If have been tirelessly searching for a bottle of Chartreuse to mix up a Last Word or a Chartreuse Swizzle you are not alone! I know the celebration- and struggle- of securing a coveted bottle. Although nothing can be an exact replacement for the complexity of Chartreuse, there are a few herbal liqueur options on the market that can help recreate your favorite Chartreuse cocktails. I have put together a list of Chartreuse Substitutes for you made up of the herbal liqueurs that I have found to be the most similar for you to swap into your favorite recipes.
The New York Times recently did a dive into the reason behind the shortage and why it won’t be ending anytime soon. With the increase in making cocktails at home over the pandemic, cocktail enthusiasts became aware of the green spirit, and for good reason, can’t get enough of it. This has resulted in supply chain issues of the liqueur, but unlike ones other spirits companies have faced following the pandemic such as bottling and shipping. Rather the supply chain shortage is singular to the the green spirit. Monks.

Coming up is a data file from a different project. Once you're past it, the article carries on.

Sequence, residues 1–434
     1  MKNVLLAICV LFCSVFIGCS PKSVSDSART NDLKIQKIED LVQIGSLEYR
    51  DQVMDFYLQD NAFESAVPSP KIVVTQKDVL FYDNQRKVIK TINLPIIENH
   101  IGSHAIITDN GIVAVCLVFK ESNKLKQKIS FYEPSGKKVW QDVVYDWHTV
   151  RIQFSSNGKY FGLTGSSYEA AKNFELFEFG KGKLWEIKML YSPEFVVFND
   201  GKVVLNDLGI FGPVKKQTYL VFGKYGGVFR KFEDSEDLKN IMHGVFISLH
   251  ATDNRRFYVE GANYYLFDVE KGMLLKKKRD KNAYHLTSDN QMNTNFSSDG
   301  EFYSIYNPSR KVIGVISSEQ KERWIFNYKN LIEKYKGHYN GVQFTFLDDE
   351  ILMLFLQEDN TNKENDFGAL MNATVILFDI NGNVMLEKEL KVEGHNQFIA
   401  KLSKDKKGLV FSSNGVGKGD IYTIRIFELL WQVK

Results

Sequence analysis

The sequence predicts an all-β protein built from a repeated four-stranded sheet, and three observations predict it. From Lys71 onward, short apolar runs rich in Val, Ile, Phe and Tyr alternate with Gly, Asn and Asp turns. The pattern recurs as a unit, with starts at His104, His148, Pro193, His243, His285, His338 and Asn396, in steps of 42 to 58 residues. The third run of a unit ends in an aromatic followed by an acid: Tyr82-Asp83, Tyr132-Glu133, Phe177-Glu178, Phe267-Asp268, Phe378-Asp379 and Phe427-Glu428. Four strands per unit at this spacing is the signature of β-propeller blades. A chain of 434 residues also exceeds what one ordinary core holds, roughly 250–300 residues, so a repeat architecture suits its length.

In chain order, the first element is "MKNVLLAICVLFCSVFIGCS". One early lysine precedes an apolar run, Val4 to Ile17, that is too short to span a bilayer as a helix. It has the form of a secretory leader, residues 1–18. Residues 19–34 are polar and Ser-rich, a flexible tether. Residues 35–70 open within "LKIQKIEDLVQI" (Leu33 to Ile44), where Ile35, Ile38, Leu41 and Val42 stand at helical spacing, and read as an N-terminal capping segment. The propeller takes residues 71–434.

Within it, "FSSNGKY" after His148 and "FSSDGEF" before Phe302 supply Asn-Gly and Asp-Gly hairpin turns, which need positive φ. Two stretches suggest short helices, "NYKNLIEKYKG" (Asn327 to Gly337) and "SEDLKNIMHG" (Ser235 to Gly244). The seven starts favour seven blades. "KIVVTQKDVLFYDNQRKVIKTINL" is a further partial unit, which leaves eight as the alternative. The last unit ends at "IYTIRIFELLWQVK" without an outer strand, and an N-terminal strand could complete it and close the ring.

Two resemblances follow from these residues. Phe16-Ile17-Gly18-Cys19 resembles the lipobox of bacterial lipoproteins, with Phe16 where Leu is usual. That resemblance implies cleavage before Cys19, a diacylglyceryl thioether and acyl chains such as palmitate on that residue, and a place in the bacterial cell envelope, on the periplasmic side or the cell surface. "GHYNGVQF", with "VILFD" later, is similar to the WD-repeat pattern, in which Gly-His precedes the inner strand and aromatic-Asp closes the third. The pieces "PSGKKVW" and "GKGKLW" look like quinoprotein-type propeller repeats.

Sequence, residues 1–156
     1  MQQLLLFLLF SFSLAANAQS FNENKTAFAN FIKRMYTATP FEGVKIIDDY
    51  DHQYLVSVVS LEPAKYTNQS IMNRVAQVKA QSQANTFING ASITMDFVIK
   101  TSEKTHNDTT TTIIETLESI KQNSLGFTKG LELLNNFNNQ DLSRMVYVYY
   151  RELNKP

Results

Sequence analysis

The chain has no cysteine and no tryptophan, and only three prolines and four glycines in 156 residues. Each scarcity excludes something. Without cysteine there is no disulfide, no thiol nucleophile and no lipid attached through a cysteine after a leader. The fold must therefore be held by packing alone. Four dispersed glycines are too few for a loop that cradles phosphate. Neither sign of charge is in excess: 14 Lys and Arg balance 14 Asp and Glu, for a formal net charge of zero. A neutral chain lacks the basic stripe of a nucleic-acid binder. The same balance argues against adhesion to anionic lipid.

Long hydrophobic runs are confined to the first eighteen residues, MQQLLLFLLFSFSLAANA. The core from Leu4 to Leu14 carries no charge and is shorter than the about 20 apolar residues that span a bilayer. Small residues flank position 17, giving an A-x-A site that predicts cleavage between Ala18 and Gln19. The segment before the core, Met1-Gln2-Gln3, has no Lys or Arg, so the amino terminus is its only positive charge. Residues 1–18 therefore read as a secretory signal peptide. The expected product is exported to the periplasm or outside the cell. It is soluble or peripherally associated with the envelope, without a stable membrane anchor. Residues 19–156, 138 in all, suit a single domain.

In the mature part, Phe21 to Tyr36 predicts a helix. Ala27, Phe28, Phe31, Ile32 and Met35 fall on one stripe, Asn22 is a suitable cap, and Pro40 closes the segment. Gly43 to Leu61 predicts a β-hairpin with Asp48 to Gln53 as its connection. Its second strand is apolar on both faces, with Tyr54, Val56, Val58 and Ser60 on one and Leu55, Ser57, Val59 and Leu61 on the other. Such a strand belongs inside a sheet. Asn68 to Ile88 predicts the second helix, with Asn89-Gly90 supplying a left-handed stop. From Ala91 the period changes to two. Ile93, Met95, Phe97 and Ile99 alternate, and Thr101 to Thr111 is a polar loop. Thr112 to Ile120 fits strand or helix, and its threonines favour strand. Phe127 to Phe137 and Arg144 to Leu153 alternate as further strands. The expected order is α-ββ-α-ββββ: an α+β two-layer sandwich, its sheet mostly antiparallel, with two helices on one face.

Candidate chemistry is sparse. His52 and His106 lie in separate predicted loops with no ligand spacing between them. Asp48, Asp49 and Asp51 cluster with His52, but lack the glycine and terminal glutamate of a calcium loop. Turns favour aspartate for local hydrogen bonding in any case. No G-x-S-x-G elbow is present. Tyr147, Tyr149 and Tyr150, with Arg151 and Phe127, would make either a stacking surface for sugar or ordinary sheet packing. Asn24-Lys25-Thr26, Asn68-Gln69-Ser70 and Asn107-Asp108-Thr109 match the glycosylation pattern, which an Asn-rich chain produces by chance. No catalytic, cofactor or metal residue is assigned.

Chartreuse has been distilled by Carthusian monks of the Grande Chartreuse monastery in France. The recipe comes from an ancient manuscript that they were entrusted with in 1605 called the Elixir of Life, which Chartreuse is also sometimes referred to as. Only 2 monks at a time know the full recipe for the 130+ herbs, roots, and ingredients that make up the layered liqueur. The monks have also taken a vow of silence as part of their faith.
The increased demand and production of Chartreuse has taken away from their devout duties. In response to this, the monks have decided to pull back production in order to “protect their monastic life and devote their time to solitude and prayer.” As much as I love Chartreuse, I have absolute respect for the monks who are choosing to refocus and make their practice their priority over capitalism and demand for making more.